A Tipping Point in Autism: a message from the Founders of the Art of Autism

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OLYMPUS DIGITAL CAMERA

A Call for Constructive Conversations with Each Other and with Ourselves

By Keri Bowers and Debra Muzikar, Co-founders, The Art of Autism

A tipping point: “The moment of critical mass, the threshold, the boiling point.”

Together, we have a combined 48 years’ experience in our roles as “autism moms” and autism advocates. Over those years, our sons, Kevin, now 21, and Taylor 27, have given us profound insights, experiences, joys and sorrows in our chosen roles as advocates.

For you, our collaborators, friends and followers, we hope The Art of Autism has been a positive experience in enjoying a space and place for creatives to share art, blogs, poetry and other inspirational insights. For us we are always inspired by the quality of art, poetry, books for our review, music, videos, and blogs that are submitted.

With over 500 autistic artists from all over the world who participate in the Art of Autism project, we appreciate each voice, idea and value shared over the years. Even when we have not necessarily agreed with or endorsed a particular point of view shared, ours has been an effort to honor diversity and differences. With the effort to share differing perspectives also comes responsibility.

Like any other forum, publication or blog, The Art of Autism, is reasonably selective in what we share/post. We endeavor to be open-minded and share things of general and artistic interest, while striving to promote autistic voices, parents, professionals, and others.

To that end, and in honoring diversity – the very foundation of the autism acceptance movement – we also honor each individuals’ right to interpret and absorb our blogs and posts differently. We do not, and never will endorse or engage in hostility, rage, or angry assaults against others with whom we disagree. We view The Art of Autism and The Autism Shift as conduits to positive interactions, conversations, opportunities, projects, advocacy and education.

This past year, in ever-changing times in autism and social media, our work has become increasingly more difficult. Navigating autism in current times feels like walking on proverbial egg shells with land mines beneath. We simply never know when we might unintentionally upset someone(s) with a word, a blog, a post, a meme, or even a photograph.

The Seeds of AoA; The Back Story

Historically, what you may not know about The Art of Autism is that Kevin and Taylor were the original seeds of inspiration behind creating this forum. With all the challenges of starting and developing an organization, from the beginning they inspired us behind the scenes to do what we do to keep it alive and growing. They were/are a constant reminder of our purest intentions.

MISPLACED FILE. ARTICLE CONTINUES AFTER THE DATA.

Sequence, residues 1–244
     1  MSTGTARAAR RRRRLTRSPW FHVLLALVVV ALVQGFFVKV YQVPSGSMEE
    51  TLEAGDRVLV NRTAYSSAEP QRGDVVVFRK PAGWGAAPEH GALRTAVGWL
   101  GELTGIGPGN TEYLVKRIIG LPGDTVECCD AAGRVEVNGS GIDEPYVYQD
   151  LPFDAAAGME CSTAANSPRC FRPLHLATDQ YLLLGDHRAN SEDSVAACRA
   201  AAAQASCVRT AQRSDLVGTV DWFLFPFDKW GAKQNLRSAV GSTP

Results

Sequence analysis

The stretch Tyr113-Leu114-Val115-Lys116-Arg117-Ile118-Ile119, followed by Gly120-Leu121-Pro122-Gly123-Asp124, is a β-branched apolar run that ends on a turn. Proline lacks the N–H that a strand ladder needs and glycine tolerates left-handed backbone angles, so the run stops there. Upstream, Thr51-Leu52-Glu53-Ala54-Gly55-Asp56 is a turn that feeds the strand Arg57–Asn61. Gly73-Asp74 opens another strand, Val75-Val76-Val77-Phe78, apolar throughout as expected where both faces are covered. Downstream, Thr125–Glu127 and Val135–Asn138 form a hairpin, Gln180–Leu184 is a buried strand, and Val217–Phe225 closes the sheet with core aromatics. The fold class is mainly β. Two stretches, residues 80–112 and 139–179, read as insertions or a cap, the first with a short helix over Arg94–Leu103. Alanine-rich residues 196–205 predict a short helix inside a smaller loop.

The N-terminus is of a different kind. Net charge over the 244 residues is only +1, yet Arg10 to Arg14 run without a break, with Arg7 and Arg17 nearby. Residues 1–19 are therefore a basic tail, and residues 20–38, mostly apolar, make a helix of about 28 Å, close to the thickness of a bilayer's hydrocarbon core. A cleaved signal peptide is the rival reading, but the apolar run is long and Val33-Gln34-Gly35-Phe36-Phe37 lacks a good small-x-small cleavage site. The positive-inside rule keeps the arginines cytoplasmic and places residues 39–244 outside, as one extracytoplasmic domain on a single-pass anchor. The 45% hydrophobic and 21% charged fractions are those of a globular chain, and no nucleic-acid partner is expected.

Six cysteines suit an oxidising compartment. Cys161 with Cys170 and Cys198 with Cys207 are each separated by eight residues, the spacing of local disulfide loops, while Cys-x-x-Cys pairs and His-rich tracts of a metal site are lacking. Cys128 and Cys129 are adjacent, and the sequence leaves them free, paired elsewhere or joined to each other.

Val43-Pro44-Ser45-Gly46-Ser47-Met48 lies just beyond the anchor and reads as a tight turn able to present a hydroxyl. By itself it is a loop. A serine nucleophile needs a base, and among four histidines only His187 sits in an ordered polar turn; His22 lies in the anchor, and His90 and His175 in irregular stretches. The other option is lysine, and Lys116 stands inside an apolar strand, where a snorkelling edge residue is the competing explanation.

Although the project has provided us much inspiration and joy over the years, there have been times that have been less than joyful. In those times, we have developed a close working relationship. We hold each other up when one of us is weary. We keep each other accountable. In times of stress, we remind ourselves to be mindful of spiritual practices, and to maintain The Art of Autism’s integrity. Yet this is not always easy.

Staying the Course

Staying the course – even when difficult – is how we raised our sons. When our sons were boys, long before adulthood, in our own little corners of the world (only miles apart from one another), we experimented with the arts as creative forces to develop their ability to self-determine, experiment and find expressive outlets for their literal and figurative voices. We used spiritual principles in our respective homes to guide our efforts. We pushed lovingly but firmly so that they would find as much expression and independence possible in their lives. Mostly, we never gave up even when doing the right thing was harder than doing the easy thing. This continues to this day – even now as they are both adults.

A Critical Mass

So yea, this past year has been difficult behind the scenes at AoA. Our ability to share things you and we care about has become mired in a new(er) phenomenon in autism – a social and political divide – which seems is only growing.

Malcolm Gladwell, author of the best seller “The Tipping Point: How Little Things Can Make a Big Difference” defined a tipping point as “the moment of critical mass, the threshold, the boiling point”. So we are calling this time in autism a tipping point; a point at which we need to make difficult decisions about who we want to be as a global community.

Whether it be divides in beliefs about vaccinations, intervention practices, insurance reform, employment and housing issues, abelism, Autism Speaks, parenting techniques, the puzzle piece,  – or even calling ourselves “autism moms” (now not okay by some standards), each of us in the global autism community is more and more, affected by polarizing values and beliefs.

Late last week, Suzanne Wright, co-founder of Autism Speaks, passed away. While we saw waves of condolences in social media, we also saw a backlash against her even in the tragic time of her passing. This causes us to ask ourselves how this makes the collective ‘us’ more accepting, compassionate, more human as we seek to create – and even demand – autism acceptance.

This critical mass makes it harder and harder for everyone and anyone related to autism to interact with the daily work of raising kids, sharing ideas, and growing together in autism.